Sen. Elizabeth Warren (D-Mass.) has found a new conservative counterpart to help lead her charge against the biggest banks on Wall Street: Sen. David Vitter (R-La.).
The unlikely pair have joined forces on two bills in the last week, which would make life tougher for Wall Street, particularly by setting sights on a key institution monitoring them: the Federal Reserve.
On Wednesday, the two unveiled legislation that would dictate how the Fed could react in case of another financial crisis, barring the central bank from doling out massive low-interest loans to a handful of massive institutions to help keep them afloat.
And that measure came just six days after the two proposed legislation that would alter the Fed’s structure, requiring top Fed officials to publicly vote on any large settlements reached with bad-acting banks, and giving each Fed board member his or her own staff.
Those measures are being rolled out as Senate Banking Committee Chairman Richard Shelby (R-Ala.) is preparing to move his own broad financial regulation package, meaning these bills could be offered as amendments at the committee, of which Warren is a member.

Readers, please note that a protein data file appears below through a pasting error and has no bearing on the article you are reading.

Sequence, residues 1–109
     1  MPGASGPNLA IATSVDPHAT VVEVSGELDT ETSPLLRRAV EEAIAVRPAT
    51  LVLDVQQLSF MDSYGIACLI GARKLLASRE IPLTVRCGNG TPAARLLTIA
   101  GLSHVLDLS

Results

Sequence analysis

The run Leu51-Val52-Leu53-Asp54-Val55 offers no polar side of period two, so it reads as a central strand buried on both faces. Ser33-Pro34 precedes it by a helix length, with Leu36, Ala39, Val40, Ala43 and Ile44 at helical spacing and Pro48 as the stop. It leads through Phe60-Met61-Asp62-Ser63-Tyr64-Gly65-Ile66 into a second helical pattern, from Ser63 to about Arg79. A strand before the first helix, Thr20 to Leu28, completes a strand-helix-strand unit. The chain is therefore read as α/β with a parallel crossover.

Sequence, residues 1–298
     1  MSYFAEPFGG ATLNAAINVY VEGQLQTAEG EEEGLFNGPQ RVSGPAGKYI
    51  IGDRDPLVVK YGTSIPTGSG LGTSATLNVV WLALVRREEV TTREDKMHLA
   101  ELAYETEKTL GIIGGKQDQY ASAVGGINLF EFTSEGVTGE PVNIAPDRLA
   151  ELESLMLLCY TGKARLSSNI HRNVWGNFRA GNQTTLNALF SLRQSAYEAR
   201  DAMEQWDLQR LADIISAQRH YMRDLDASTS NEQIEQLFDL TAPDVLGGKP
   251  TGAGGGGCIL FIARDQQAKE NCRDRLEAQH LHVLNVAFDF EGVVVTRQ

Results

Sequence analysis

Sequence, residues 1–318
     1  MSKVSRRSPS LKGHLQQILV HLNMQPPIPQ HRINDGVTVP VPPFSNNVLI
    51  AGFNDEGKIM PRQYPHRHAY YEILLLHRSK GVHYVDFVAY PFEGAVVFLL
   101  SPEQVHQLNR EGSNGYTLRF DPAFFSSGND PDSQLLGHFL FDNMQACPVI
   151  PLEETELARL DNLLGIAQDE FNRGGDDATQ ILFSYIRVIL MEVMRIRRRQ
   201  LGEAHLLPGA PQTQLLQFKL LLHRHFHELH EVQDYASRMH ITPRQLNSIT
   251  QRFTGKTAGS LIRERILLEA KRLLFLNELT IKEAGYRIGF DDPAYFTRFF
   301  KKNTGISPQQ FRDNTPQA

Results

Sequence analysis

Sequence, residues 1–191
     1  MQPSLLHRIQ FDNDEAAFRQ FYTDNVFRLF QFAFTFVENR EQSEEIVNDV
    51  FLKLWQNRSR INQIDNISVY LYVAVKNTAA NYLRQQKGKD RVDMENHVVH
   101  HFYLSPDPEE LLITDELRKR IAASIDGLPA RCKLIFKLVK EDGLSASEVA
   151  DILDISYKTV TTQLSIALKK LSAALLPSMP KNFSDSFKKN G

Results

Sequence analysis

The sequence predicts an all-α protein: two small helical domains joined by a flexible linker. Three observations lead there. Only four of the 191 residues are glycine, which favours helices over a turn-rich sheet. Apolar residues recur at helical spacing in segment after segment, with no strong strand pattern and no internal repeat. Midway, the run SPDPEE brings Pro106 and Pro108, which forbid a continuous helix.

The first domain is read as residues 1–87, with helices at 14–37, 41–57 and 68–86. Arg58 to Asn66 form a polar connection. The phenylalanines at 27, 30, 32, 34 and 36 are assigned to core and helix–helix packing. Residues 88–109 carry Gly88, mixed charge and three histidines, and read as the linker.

The latest bill takes direct aim at the notion that the during the last crisis, the Fed shelled out huge loans to a small number of huge, and hugely influential financial institutions, at extremely low interest rates. The Fed reportedly loaned out over $1 trillion at the height of the collapse, with individual banks receiving as much as $100 billion in support. Critics on the left and right argue the central bank has done little to curb that broad bailout authority in the subsequent years.
The new bill would allow the Fed to engage in emergency lending only if more than just a few institutions can participate, and would bar the central bank from loaning to any bank that is already insolvent. Furthermore, any emergency loans must come with a hefty interest rate – at least five percent higher than the going rate for U.S. Treasury debt.
The bill would also change existing law to bar Goldman Sachs and Morgan Stanley from engaging in the actual holding of physical commodities. Banks are typically barred from holding physical commodities like aluminum or copper, but those two were grandfathered past that ban.
While a conservative Republican, Vitter is no stranger to doing battle with the banking industry. He paired with Sen. Sherrod Brown (D-Ohio), now the top Democrat on the Banking Committee, on legislation that would limit the size of the nation’s biggest banks.
And he was the lone GOP voice criticizing the inclusion of provisions rolling back parts of Dodd-Frank as part of a critical funding bill at the end of 2014.
From The Hill, Peter Schroeder